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A teen mother-to-be sitting on her bedMany hopeful adoptive parents wonder what birth mothers are like. They worry about speaking with a birth mother on the phone because they don’t know what to expect. Is there such a thing as a “typical birth mother?” How many teenage mothers put their babies up for adoption? Why are they choosing adoption?

There are a lot of adoption myths out there about birth moms. The stereotypical birth mother is in her teens and dropped out of school once she found out she was pregnant. She has no job skills, and since her parents have kicked her out. So, she has to go on welfare. But the reality is, most birth mothers don’t fit into this mold.

What Are Birth Mothers Like?

Birth parents come from all age ranges, socio-economic backgrounds, and family situations. At Lifetime, we have worked with birth mothers whose ages range from around 11 to late forties. From teens to women who thought they were finished raising children, every birth mother is unique and has her own special story. However, most birth mothers are in their twenties and already have a child or children.

While most birth mothers are single, we have helped some who are married. Many birth mothers live under challenging circumstances, and some are pursuing college or career goals that make parenting a less than ideal option for them. Many birth mothers have other children and feel it would be a disservice to their current children to bring an additional child into the family at this time. These women may have financial issues or is currently caring for a child with special needs that requires all of their time and resources.

Kara’s Story of Choosing Adoption

Kara was 28 years old and raising her son, who had been diagnosed with severe autism. As a single mom, she didn’t have much support but devoted herself to caring for her son. When Kara discovered she was pregnant, all she felt was despair. How could she care for a newborn and her son on her own? Kara had limited resources, which were stretched thin as it was. She felt it would not be fair to spend less time with her son and how could she give a newborn the time and attention needed. She saw one of Lifetime Adoption’s brochures about adoption at her doctor’s office and gave us a call.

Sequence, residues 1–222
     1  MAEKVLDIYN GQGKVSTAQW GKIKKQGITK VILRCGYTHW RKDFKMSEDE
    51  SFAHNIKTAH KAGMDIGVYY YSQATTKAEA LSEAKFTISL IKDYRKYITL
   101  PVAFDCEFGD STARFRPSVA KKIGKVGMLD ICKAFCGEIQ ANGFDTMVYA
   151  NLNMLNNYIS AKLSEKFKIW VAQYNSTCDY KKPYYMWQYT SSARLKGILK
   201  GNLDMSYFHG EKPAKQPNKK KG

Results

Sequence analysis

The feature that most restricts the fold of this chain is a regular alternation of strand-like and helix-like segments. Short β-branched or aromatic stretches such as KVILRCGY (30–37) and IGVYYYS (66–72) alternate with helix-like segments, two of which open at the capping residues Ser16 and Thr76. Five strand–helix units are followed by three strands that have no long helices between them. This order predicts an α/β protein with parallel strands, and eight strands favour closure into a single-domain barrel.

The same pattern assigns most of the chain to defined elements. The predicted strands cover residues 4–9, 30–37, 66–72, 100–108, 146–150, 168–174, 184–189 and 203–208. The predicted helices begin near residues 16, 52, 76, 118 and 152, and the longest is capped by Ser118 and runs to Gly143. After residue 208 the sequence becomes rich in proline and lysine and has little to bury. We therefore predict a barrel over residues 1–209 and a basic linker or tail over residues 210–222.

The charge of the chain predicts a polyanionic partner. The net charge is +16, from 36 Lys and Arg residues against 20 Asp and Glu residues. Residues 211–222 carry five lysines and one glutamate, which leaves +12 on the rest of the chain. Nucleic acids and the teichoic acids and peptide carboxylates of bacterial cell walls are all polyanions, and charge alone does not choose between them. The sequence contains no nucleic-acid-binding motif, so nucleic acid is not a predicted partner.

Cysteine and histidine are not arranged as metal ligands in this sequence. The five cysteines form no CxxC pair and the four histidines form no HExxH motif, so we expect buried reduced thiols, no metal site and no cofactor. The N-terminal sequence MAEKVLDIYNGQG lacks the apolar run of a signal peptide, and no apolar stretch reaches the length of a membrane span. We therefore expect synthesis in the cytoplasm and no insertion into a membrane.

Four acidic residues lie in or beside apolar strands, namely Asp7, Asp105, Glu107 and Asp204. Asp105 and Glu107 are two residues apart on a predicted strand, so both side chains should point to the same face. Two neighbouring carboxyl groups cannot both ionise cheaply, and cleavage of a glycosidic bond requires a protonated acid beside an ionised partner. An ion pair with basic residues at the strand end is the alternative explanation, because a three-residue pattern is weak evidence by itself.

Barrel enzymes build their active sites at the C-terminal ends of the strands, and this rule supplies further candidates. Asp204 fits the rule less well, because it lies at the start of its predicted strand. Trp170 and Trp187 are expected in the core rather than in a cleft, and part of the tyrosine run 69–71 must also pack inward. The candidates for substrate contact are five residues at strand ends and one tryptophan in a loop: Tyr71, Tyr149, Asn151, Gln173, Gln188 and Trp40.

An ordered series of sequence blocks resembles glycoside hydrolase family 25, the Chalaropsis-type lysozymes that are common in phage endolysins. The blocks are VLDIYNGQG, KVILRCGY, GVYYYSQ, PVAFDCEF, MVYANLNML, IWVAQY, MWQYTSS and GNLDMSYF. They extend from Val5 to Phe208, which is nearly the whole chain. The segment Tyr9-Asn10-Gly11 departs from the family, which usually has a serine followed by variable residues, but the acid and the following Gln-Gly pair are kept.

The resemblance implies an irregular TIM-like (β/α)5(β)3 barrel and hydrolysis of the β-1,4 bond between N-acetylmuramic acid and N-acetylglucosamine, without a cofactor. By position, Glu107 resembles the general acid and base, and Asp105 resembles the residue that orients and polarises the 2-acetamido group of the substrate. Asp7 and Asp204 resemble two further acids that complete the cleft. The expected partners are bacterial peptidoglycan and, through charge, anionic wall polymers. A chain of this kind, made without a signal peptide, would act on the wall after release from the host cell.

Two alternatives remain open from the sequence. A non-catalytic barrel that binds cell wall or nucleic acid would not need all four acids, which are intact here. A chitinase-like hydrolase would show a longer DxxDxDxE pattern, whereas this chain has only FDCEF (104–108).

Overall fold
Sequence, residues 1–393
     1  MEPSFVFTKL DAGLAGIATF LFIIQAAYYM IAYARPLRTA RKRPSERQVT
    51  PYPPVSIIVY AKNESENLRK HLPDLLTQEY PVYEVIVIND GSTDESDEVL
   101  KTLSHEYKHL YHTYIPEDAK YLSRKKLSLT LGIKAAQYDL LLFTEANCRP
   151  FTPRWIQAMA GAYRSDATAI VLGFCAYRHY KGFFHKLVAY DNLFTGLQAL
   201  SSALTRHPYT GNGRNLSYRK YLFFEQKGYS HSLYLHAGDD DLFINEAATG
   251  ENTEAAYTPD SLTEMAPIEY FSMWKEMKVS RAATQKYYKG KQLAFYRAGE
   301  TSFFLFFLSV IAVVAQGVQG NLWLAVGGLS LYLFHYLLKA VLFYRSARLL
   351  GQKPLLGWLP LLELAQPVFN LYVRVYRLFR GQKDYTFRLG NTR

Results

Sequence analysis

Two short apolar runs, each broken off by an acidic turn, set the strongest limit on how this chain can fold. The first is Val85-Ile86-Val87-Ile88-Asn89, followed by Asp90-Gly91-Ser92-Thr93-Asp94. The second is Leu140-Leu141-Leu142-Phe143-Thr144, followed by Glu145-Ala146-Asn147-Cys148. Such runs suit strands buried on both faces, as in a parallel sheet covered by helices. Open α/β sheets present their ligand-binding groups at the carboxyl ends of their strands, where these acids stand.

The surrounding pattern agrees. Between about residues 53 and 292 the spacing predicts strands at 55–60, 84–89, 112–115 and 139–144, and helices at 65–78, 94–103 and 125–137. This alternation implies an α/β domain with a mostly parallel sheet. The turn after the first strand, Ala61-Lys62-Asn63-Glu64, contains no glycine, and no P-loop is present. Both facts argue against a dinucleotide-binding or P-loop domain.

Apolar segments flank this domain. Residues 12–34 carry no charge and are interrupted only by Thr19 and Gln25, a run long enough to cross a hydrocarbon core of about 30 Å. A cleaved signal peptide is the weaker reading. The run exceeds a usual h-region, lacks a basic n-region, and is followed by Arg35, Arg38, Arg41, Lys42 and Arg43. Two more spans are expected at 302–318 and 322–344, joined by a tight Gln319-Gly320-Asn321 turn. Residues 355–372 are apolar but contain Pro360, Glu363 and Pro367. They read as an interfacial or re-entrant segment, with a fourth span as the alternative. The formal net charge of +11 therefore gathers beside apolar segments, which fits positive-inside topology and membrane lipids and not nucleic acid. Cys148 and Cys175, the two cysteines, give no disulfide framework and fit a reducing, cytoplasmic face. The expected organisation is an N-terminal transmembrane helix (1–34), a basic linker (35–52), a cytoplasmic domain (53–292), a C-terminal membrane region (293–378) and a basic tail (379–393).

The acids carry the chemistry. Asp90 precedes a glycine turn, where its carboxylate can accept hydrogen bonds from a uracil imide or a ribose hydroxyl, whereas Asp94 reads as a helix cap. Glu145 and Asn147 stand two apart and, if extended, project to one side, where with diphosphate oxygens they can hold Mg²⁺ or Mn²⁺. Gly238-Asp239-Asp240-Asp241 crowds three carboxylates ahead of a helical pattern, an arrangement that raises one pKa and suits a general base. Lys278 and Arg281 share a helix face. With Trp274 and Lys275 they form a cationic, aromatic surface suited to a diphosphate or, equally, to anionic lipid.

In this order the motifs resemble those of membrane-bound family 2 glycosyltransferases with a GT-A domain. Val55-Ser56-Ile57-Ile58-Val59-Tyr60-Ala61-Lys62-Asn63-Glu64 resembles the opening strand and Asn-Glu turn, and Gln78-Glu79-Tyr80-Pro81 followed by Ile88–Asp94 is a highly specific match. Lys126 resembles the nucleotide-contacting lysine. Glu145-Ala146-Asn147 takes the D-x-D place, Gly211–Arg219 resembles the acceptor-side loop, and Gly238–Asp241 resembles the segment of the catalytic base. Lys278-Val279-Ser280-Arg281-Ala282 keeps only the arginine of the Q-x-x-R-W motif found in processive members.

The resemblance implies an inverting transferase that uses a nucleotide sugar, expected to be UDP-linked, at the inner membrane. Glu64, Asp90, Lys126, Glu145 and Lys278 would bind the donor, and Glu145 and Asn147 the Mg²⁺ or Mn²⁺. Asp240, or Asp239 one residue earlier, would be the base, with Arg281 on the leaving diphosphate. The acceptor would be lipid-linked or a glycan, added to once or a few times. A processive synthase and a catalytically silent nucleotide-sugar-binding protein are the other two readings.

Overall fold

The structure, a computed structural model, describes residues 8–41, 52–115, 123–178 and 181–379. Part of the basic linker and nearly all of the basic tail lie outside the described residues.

Kara found what she believes was the answer to her prayers. She was able to find adoptive parents for her soon-to-be-born daughter. Kara was thrilled to know that she could receive pictures and updates on her daughter and even have visits where she could introduce her son to his sister.

How Many Teenage Mothers Put Their Babies Up for Adoption?

Let’s get back to the question, “how many teenage mothers put their babies up for adoption?” This is a question currently doesn’t have an answer as those statistics are not currently gathered.

What we do know are statistics about unplanned pregnancy in the US. According to the Guttmacher Institute, 45% of pregnancies in the US are unintended. The highest amount unintended pregnancies are by those between the ages of 18 and 24. However, we do not know how many teens facing those unintended pregnancies end up choosing adoption.

Building a Healthy Relationship With Your Child’s Birth Mother

We encourage you to keep an open mind and an open heart when you meet your child’s birth mother. There are so many different reasons that birth parents choose to place their child for adoption. The number one reason, no matter what the circumstances, is unconditional love for their baby. Birth mothers want to make sure their child has the best life possible and are willing to take on the pain of being without their child to provide their child the best life possible.

No matter the personal circumstances that bring women to choose adoption, they deserve our respect and support. So listen to their story without judgment and with a loving heart. Placing a child for adoption is not an easy journey.

Once you have a Post-Adoption Contact Agreement in place, be sure to hold up your end of the arrangement. Mutual respect and care can lead to amazing relationships between birth parents, adoptive parents, and the child. A healthy relationship will benefit everyone, especially the child.

Heather Featherston
Written by Heather Featherston

As the Chief Operating Officer (COO) of Lifetime Adoption, Heather Featherston holds an MBA and is passionate about working with those facing adoption, pregnancy, and parenting issues. Heather has conducted training for birth parent advocates, spoken to professional groups, and has appeared on television and radio to discuss the multiple aspects of adoption. She has provided one-on-one support to women and hopeful adoptive parents working through adoption decisions.

Since 2002, she has been helping pregnant women and others in crisis to learn more about adoption. Heather also trains and speaks nationwide to pregnancy clinics to effectively meet the needs of women who want to explore adoption for their child. Today, she continues to address the concerns women have about adoption and supports the needs of women who choose adoption for their child.

As a published author of the book Called to Adoption, Featherston loves to see God’s hand at work every day as she helps children and families come together through adoption.

Read more about Heather Featherston

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